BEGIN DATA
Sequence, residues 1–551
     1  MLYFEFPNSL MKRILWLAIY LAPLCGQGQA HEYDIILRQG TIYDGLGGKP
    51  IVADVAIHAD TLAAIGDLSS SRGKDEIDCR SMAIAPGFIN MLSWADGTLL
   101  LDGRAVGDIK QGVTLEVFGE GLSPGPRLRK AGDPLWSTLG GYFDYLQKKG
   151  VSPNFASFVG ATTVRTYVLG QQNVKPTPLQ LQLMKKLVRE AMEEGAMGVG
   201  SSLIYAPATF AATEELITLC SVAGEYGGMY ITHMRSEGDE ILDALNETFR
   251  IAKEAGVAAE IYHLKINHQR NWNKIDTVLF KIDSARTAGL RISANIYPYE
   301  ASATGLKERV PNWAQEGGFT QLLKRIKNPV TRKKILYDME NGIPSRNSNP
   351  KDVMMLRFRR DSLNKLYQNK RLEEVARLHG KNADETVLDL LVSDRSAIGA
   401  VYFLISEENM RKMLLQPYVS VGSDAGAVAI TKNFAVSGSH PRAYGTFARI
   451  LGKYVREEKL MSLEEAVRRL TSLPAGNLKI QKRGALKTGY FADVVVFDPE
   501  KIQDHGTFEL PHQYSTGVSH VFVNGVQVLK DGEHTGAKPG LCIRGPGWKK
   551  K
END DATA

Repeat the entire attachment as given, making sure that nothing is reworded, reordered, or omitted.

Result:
Sequence, residues 1–551
     1  MLYFEFPNSL MKRILWLAIY LAPLCGQGQA HEYDIILRQG TIYDGLGGKP
    51  IVADVAIHAD TLAAIGDLSS SRGKDEIDCR SMAIAPGFIN MLSWADGTLL
   101  LDGRAVGDIK QGVTLEVFGE GLSPGPRLRK AGDPLWSTLG GYFDYLQKKG
   151  VSPNFASFVG ATTVRTYVLG QQNVKPTPLQ LQLMKKLVRE AMEEGAMGVG
   201  SSLIYAPATF AATEELITLC SVAGEYGGMY ITHMRSEGDE ILDALNETFR
   251  IAKEAGVAAE IYHLKINHQR NWNKIDTVLF KIDSARTAGL RISANIYPYE
   301  ASATGLKERV PNWAQEGGFT QLLKRIKNPV TRKKILYDME NGIPSRNSNP
   351  KDVMMLRFRR DSLNKLYQNK RLEEVARLHG KNADETVLDL LVSDRSAIGA
   401  VYFLISEENM RKMLLQPYVS VGSDAGAVAI TKNFAVSGSH PRAYGTFARI
   451  LGKYVREEKL MSLEEAVRRL TSLPAGNLKI QKRGALKTGY FADVVVFDPE
   501  KIQDHGTFEL PHQYSTGVSH VFVNGVQVLK DGEHTGAKPG LCIRGPGWKK
   551  K